When Do You Become an Adult?

There is an array of opinions as to when a person fully matures. Should the legal age of adulthood be lowered or raised? At what age do you think you are grown?

Neuroscientists now know that brain maturation continues far later into development than had been believed previously. Significant changes in brain anatomy and activity are still taking place during young adulthood, especially in prefrontal regions that are important for planning ahead, anticipating the future consequences of one’s decisions, controlling impulses, and comparing risk and reward. Indeed, some brain regions and systems do not reach full maturity until the early or mid-20s. Should this new knowledge prompt us to rethink where we draw legal boundaries between minors and adults?

When Do You Become an Adult? was last modified: November 7th, 2014 by .anonymous
Published in Senior Chatters

13 thoughts on “When Do You Become an Adult?

  1. starlette

    Well Gael, cannot agree with theses scientific reasons……….I think there is no specific age for maturity…………to me that comes with the passing years, life experience…….life’s knocks……….so if part of our brain controls impulses, helps us make decisions, plan ahead and be aware of the consequences……..then why do we still keep cocking up……..why are we not wiser than wise……..nope, all down to the individual, character, personality regardless of age……..can get some really mature young ones……….and some real stupid older ones……..xx

  2. roseinbloom

    Maybe, we are grown up when we realize that we never “grow up”. The brain never solidifies on the best way to live. Our emotions can go haywire and reason can be overruled. Maturity may be an illusion and we learn to dress, sit quietly, and look the part, at least some have. Others have rebelled and gone back to childhood, or maybe, they never left it.

    1. Gael

      Well put, Rose. I often quote a saying “I’ve met old people who are young and young people who are old.”

      It varies so much from individual to individual with some never really growing up, unfortunately.

      For me, I probably got a kick into adulthood when I married young and had a baby. It forced some responsibilities on me pronto. Though to be honest I still was basically a pinhead..haaa.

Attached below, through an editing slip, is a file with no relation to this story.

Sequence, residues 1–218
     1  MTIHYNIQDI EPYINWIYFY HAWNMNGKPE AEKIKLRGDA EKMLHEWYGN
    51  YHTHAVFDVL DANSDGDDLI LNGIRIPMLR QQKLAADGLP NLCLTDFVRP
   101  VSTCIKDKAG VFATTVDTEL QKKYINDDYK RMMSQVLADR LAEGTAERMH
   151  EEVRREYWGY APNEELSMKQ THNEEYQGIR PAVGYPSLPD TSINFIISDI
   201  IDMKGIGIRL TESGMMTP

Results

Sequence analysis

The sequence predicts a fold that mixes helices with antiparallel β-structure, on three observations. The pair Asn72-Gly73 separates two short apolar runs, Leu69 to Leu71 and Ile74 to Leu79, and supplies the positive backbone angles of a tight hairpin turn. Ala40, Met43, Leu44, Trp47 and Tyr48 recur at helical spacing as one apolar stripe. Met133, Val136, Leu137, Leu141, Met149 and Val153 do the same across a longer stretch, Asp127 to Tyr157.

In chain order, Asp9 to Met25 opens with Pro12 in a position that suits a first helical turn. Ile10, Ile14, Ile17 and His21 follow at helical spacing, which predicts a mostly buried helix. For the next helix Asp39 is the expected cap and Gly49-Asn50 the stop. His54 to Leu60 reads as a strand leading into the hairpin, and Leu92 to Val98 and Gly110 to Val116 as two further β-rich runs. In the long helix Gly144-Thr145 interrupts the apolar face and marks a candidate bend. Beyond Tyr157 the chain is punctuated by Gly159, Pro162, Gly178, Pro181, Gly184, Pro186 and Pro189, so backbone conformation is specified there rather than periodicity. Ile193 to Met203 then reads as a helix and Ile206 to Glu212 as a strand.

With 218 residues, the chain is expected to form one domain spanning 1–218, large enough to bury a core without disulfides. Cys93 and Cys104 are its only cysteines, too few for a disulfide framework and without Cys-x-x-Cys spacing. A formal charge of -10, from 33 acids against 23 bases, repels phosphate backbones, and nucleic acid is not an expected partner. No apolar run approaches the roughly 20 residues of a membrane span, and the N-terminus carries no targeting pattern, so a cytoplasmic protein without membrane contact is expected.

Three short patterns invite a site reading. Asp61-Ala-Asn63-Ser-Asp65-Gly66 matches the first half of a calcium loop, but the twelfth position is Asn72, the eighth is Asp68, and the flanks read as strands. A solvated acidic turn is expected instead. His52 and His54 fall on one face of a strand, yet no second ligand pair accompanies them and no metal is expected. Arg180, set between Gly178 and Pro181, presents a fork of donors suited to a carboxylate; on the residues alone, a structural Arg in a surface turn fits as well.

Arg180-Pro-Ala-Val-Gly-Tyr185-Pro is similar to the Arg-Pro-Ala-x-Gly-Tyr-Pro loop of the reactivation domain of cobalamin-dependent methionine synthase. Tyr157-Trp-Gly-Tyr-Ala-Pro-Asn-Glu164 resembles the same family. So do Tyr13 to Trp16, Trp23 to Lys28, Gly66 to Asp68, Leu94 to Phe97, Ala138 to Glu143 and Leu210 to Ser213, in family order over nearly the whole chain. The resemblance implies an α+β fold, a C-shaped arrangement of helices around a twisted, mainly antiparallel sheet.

3. vonMichael

    I have to agree unconfined with Star. Who will find, who will know the answer. Some of our politicians reduce the right for voting down to the age of 16yrs
    when they are in the need of new electors? Politicians agree to a driving licence for people in the age of 17yrs?

    Sure the young generation of today mature faster than we did. But decision making with egg-shells behind the ears will not work. Neither today nor tomorrow.

    1. Gael

      Certainly the times we live in have influenced maturity levels. I think there can be an illusion, however, of maturity due to the advances made in society, especially the technological ones with young people seemingly so advanced.
      My mother used to say, “you can’t put an old head on young shoulders.”

  4. lani36

    Such an interesting blog and great replies, i read somewhere that any young teen that looses a parent never fully mature, they can remain that age , physcologicaly
    for many years to come, i cant remember where i read it now but it was a noted Physcologist that wrote the article.. perhaps why my decision making processes have not always been sensible i lost both parents before i was 16, and i ask myself, is it the trauma of the Death of parents ,or is it the fact that they are no longer there in one.s life to teach and guide one? similar to Nature or Nurture…..

  5. lani36

    Bloom t,y, for your kind words, i think it may be a case of what doesn’t kill you can make one stronger, I feel as though I can achieve anything these days, and have learned to apreciate each day as it arrives,whatever challenges life may throw my way, so the way I look at it is ,for every heartache one faces there is always someone with a bigger hurdle to jump, and by suffering ourselves thereby we are there to serve others and guide them through our experiences.

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